The opposite of Darken, of course. The colour values are compared and the lightest retained.

The usual counterpart to Multiply for highlights, the formula for Screen is 1-(1-a)×(1-b).


So using the 180 green example again:
1 – 0.7058823529411765 = 0.2941176470588235 (since our colours are the same, this value is, of course, both 1-a and 1-b)
0.2941176470588235 × 0.2941176470588235 = 0.0865051903114187
1 – 0.0865051903114187 = 0.9134948096885813
0.9134948096885813 × 255 = 233 (rounded)

Colour Dodge
The opposite effect to Colour Burn − think of the ‘dodge’ tool. The formula is b÷(1-a).


So for two squares of 120 green:
1 – 0.4705882352941176 = 0.5294117647058824
0.4705882352941176 ÷ 0.5294117647058824 = 0.888888888888888
0.888888888888888 × 255 = 226 (rounded)
As the inverse of Colour Burn, values above about 130 will result in pure colour.


Colours with values lower than 0.5 have Multiply applied on a curved scale, and values over 0.5 have Screen applied the same way − basically, dark colours get darker and lights get lighter, and the effect is more extreme towards each end of the spectrum. The equation here is significantly more complex than the simpler lightening and darkening blends, and produces an S-curve (see below) where the extreme ends of the graph are full Multiply and Screen respecively.


Soft Light

The same principle as Overlay, but the effects of Multiply and Screen are halved, giving a more muted result (effectively a shallower S-curve).

Hard Light

This mode is the same as Overlay, but with the position of the active layer and background layer on the graph reversed, thus:



Subtracts colour values on the active layer from values on the background layer. If the number is negative, it is converted into positive. For example, given a background of 120 and an active layer of 180, the result is -60 − which becomes simply 60. If the number is positive, it remains so. The effect is that similar colours end up darker, and different colours edge towards the lighter end.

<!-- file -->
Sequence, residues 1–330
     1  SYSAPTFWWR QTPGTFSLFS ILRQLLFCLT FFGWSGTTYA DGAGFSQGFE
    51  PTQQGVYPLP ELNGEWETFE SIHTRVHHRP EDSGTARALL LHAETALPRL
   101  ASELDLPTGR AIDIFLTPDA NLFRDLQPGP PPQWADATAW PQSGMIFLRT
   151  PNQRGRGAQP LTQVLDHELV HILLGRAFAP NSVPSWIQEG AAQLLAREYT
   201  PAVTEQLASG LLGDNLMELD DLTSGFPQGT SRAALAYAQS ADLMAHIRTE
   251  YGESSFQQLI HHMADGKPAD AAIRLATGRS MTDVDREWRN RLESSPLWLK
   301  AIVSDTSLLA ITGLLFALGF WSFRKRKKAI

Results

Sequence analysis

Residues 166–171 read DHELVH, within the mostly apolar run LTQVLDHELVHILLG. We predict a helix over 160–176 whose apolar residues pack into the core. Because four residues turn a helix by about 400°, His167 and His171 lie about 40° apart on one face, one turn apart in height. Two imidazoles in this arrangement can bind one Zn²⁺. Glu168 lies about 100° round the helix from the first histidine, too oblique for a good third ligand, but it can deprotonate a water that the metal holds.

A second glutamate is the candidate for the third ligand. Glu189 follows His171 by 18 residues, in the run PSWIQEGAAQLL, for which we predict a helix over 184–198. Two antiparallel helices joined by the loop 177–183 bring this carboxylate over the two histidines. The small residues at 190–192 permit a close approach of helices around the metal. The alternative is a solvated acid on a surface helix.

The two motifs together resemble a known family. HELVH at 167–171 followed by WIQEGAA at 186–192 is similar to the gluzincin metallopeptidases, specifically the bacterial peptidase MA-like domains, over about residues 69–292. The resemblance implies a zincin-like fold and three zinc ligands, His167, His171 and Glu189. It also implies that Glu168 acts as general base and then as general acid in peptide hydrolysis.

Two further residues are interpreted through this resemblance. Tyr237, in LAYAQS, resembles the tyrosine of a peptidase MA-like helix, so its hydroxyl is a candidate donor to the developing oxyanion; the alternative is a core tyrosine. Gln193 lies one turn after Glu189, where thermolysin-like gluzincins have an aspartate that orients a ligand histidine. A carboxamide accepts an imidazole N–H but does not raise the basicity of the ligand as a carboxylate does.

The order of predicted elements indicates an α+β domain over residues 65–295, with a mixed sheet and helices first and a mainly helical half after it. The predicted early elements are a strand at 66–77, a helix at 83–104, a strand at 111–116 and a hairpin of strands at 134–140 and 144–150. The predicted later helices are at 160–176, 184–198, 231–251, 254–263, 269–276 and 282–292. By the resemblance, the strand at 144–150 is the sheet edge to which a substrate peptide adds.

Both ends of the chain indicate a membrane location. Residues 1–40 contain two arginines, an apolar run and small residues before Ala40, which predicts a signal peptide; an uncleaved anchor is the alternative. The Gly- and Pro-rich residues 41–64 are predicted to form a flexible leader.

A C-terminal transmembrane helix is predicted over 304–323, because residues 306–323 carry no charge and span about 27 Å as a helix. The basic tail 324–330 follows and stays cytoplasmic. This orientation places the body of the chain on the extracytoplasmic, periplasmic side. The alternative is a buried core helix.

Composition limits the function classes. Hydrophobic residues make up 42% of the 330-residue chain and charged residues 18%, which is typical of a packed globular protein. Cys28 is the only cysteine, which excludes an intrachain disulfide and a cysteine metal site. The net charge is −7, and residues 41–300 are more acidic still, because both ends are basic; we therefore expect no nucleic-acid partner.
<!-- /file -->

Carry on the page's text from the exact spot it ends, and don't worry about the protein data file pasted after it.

Exclusion has a rather more complex equation: 0.5-2×(b-0.5)×(a-0.5), but the result is comparable to Difference except that similar colours end up as a midtone (0.5).


The next four modes work by combining Hue, Saturation, and Brightness levels (HSB) rather than RGB values. Hue applies the hue value of the active object to the background object, and blends the saturation and brightness levels.


Saturation applies the saturation value of the active layer, and blends the hue and brightness levels.


Keeps the hue and saturation of the active layer and the brightness of the background layer.


Keeps the brightness of the active layer and the hue and saturation of the background layer. The inverse of Colour.

The HSB-related modes don’t always give the numbers one might expect from their outcomes in the colour palette. I think this is because Illustrator is not carrying out the relevant maths on the HSB values, but on the RGB values still. This means the HSB sliders will display values that result in the correct colour output, but since this might be achieved with a spectrum of HSB combinations, the numerical result seen here is arbitrary − similar to the result seen if one views CMYK sliders for an RGB colour.

Fun with Zig-Zag Spirals

My initial reasons for hanging around the Adobe Illustrator forum was to look for puzzles; that is, things that people couldn’t work out how to achieve that I’d then have a think about and see if I could figure out. They’re squeezed in between complaints about Adobe CC and real beginner questions mostly, but every now and then one pops up. Here’s one I found recently that was quite satisfying to figure out:

How to make a hynpotic spiral (sic)

This person (who unfortunately never followed up their initial post) wanted to make something like the swirl of zigzags in this image (which I cannot credit, having no idea where it came from):


I couldn’t think of a way right off the bat. Thinking about Illustrator’s own spiral tools and brushes was a dead end, as they introduce innaccuracy and distortion. But then I stopped thinking about it in terms of a spiral, because that’s not really what it is: it’s entirely a construction of straight lines, after all. So what is it made of? Well, what solved it for me was viewing it as a set of radiating lines.


Each pair of lines will be guides for the peak and trough of the zigzag. The zig and the zag, if you will. One is rotated slightly from the other an arbitrary distance based on how sharp you want your zigzags to be. Take the rotate tool and alt/option-click on the bottom end of your first line. Type in an amount in degrees (four in this case) and click on ‘copy’.